Ah! I had missed that the clock pins come out on the header as well. That makes things easier. A note going by, you probably want to add two resistors across the +V and -V outputs of the boost regulator. As you will see in the description of the part, for good line regulation there needs to be a minimum 20ma load on the switcher and they recommend adding load resistors if your load is less than 20ma (which it may be in this case.) Also if you need very low noise it would be a good idea to use the ±24V version of this (or another, I made a number of these parts and I think only one had a +/-24V version :slight_smile: ) and follow it with a 78L15 /79L15 linear regulator pair to get a lower noise 15V supply.

Right click on the part label (the red arrow in the image) and select display values and you can select what to display:

label text gets you the IC2 and chip label gets you the OPA606 as seen above.


I have attached the .fzz file with the part label in view. It is now called “…_v2.” I am using the +/-15V because OPA606 does just fine with it. +/-24 will be too high. I don’t see any noise as of yet but if I do, I will make it a point to add resistors when I take in voltage from the boost converter. This circuit is not complete, I see myself adding at least three more OPA606 so the current from the boost converter needs to be high to get branched out to 5 different pins. My boost converter actually does not have an EN pin, this is what I’m using: https://www.amazon.com/Converter-3-3V-13V-Positive-Negative-Step-up/dp/B07PDQ6R3C/ref=pd_bxgy_img_2/134-8431058-9738263?_encoding=UTF8&pd_rd_i=B07PDQ6R3C&pd_rd_r=5917114e-b363-479b-b892-6378c542dcab&pd_rd_w=gf7Si&pd_rd_wg=vNuA3&pf_rd_p=f325d01c-4658-4593-be83-3e12ca663f0e&pf_rd_r=QNCHRQ8X22WSAWSW76AV&psc=1&refRID=QNCHRQ8X22WSAWSW76AV (sorry about the really long link).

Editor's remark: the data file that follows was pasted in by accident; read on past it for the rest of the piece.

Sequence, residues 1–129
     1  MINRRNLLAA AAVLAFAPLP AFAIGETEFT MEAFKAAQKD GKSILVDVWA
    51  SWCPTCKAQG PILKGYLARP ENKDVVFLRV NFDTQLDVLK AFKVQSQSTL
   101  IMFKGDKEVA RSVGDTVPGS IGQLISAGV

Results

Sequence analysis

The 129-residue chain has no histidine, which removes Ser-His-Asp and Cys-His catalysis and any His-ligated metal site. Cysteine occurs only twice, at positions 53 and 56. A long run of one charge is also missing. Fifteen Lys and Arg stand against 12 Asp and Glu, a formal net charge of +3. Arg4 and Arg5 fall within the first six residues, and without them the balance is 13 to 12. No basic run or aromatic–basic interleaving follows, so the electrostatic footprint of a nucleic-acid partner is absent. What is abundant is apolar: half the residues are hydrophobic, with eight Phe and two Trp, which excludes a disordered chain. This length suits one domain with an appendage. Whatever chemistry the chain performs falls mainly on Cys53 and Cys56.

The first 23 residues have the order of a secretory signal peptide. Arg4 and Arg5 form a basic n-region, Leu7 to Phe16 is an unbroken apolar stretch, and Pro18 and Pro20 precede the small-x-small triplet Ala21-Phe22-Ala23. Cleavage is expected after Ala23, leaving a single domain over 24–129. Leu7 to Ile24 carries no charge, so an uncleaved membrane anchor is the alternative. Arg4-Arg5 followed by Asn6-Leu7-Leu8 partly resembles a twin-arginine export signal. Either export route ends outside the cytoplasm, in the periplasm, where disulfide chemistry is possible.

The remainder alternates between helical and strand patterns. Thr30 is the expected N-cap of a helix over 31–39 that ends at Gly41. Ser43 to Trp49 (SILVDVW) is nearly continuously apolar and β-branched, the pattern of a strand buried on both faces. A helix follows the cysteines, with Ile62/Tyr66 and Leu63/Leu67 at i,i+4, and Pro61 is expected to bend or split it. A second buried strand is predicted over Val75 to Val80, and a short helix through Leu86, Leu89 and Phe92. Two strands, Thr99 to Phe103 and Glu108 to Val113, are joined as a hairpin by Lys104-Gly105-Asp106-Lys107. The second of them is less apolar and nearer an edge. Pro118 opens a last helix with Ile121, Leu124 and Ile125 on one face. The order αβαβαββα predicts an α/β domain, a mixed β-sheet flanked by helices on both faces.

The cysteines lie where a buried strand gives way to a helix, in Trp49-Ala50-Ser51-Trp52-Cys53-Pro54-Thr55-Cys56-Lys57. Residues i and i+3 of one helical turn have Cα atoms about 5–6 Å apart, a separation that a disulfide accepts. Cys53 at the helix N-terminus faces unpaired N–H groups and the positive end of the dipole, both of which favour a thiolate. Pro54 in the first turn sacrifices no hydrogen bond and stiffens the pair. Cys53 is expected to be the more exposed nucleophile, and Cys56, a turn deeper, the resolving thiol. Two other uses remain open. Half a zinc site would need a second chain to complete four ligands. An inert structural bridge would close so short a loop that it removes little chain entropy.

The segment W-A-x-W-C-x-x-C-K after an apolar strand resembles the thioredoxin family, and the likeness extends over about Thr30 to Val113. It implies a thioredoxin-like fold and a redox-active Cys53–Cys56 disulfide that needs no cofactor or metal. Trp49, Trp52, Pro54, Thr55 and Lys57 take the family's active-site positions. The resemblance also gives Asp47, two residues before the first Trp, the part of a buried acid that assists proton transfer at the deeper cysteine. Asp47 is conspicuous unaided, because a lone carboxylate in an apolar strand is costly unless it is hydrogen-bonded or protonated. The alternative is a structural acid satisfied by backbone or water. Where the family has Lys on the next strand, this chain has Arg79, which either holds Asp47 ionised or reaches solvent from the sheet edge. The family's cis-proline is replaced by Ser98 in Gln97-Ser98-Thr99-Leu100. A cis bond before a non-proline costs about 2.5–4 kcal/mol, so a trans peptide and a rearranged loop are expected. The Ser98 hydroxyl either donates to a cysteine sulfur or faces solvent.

Your fzpz part was the closest to what I have which is why I’m using it. I will eventually edit the part to reflect what I have on my breadboard.

OK, there are a couple more problems other than the Adafruit part, but here is a new Adafruit part with its problems corrected: